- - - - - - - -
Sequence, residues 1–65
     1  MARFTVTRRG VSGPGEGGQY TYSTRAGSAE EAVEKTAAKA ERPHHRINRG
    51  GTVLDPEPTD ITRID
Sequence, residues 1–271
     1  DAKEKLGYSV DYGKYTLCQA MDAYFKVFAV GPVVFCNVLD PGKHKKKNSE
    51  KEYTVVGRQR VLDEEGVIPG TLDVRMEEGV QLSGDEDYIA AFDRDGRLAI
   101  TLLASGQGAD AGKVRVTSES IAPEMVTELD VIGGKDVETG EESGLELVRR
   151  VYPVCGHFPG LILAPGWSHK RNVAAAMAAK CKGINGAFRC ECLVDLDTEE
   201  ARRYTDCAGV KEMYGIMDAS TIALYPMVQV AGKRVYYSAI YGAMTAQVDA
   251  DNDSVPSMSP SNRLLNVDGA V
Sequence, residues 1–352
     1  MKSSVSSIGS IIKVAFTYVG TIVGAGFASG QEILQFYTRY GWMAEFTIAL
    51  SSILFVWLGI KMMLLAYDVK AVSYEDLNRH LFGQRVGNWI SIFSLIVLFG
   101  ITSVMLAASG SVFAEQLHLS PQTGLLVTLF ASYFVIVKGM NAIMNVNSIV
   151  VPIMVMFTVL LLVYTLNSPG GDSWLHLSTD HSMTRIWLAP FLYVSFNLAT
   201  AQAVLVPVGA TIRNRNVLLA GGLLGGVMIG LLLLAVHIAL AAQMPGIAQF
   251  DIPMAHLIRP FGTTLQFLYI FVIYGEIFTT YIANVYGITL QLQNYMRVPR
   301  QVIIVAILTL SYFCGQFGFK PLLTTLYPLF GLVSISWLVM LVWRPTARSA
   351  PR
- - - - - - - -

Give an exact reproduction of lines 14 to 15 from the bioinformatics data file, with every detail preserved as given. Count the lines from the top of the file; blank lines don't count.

   101  ITSVMLAASG SVFAEQLHLS PQTGLLVTLF ASYFVIVKGM NAIMNVNSIV
   151  VPIMVMFTVL LLVYTLNSPG GDSWLHLSTD HSMTRIWLAP FLYVSFNLAT